‘It’s a life. It’s a story’: Grand Strand Health honors organ donors, families with Wall of Hope

Published: Mar. 29, 2022 at 5:25 PM EDT|Updated: Mar. 29, 2022 at 5:43 PM EDT
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MYRTLE BEACH, S.C. (WMBF) - Grand Strand Health and We are Sharing Hope SC teamed up to honor organ donors and their families by dedicating the Wall of Hope to them at the Grand Strand Medical Center.

The Wall of Hope is located near the lobby of the south entrance at Grand Strand Medical Center.

“This was one of the ideas that was hatched in Grand Strand by some donor family members as well as a way to remember their loved ones, but like I said not just remember, but to be able to celebrate,” said David Destefano, the CEO of We are Sharing Hope SC. “So our hope is to have a wall like this in all the hospitals in South Carolina.”

From 2012 through 2021, 125 organ donors from Grand Strand Health have saved 367 lives.

“I think it helps personalize things,” said Dr. George Hemrich, the chief medical officer of Grand Strand Health. “It’s not a kidney or a liver. It’s a life. It’s a story.”

This wall tells the stories of three different families and how organ transplants have changed their lives.

“I know she wanted to give back and help someone else or continue someone to have life and I feel like I’ve done an awesome job for her to let her legacy live on,” said Mary Hill Inman.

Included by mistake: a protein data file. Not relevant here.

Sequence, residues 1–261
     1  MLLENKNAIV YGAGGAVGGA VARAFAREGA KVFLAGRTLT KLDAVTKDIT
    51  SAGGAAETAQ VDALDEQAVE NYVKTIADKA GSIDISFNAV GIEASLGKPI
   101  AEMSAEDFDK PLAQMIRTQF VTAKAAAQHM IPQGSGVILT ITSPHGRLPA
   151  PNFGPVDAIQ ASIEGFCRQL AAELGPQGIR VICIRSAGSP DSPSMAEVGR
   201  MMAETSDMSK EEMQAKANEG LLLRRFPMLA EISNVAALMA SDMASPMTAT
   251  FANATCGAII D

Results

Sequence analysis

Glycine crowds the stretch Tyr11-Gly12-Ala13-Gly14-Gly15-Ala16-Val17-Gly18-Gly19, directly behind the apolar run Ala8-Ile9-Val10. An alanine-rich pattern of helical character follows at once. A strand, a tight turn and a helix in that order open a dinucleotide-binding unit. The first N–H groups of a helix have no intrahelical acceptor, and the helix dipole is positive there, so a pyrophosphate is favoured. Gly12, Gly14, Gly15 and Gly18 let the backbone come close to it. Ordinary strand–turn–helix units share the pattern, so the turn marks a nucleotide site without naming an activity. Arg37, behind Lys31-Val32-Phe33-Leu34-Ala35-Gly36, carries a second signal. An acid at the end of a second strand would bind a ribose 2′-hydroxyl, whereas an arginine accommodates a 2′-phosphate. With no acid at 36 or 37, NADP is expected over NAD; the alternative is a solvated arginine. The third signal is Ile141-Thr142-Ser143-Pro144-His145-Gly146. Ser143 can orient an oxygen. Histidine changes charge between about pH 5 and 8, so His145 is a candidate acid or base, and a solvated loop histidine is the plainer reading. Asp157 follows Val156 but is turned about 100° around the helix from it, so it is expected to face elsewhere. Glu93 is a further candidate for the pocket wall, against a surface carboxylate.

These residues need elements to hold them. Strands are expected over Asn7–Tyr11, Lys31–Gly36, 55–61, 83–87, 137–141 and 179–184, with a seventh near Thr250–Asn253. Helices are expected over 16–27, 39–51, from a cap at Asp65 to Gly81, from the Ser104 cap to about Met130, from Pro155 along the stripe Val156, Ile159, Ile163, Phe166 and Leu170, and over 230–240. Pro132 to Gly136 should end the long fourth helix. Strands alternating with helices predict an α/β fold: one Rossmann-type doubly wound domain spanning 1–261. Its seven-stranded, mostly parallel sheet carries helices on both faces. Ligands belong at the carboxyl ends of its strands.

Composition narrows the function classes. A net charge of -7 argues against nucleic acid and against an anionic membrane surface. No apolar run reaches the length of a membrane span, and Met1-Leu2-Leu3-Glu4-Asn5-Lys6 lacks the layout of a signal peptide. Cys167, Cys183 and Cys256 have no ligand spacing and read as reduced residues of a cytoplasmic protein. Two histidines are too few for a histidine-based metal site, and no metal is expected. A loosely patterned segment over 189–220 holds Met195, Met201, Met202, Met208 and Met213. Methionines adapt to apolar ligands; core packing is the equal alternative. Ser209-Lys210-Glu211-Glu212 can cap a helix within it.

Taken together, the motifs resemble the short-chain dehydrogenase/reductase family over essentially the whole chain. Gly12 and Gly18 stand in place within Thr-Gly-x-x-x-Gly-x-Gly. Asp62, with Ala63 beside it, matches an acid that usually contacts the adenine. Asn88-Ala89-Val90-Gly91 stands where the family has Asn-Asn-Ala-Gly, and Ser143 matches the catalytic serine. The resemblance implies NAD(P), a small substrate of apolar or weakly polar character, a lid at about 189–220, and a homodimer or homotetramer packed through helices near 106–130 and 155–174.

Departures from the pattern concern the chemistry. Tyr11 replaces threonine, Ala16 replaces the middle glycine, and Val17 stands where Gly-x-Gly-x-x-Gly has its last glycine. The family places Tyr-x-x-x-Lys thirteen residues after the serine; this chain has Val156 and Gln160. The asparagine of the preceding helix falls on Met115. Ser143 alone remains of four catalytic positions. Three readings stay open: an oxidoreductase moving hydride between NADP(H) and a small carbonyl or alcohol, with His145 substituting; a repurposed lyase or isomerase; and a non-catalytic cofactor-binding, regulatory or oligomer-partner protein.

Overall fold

Inman’s daughter Lakendra saved three lives and enhanced many more through organ and tissue donation after she passed away in 1994.

Her story inspires others to become organ donors.

Reverend Richard Williams waited three years before receiving a kidney transplant.

“The wait is long and the wait is hard and you gotta have something within you that keeps pushing you,” said Williams.

He stated that he was a firm believer that the greatest gift you can give to humanity is life after your life.

“When you think about life after life being lived out because you were selfless,” said Williams.

Jane and Alan Sipe have been advocates for organ and tissue donation for the past 15 years, bringing a different perspective to donating.

“That is the person who needs the organ, but it doesn’t come in time and that person passes away,” said Alan Sipe.

The Sipes’ son, Justin, was just three months old when he was diagnosed with cystic fibrosis. In college, he was listed for a double lung transplant. After waiting two years without a donation, he passed away.

“We lost our son because there was not enough organs and we want to see that there are enough organs so no one else has to lose a loved one,” said Sipe.

You can learn more about organ donation at Sharing Hope SC or Donate Life SC.

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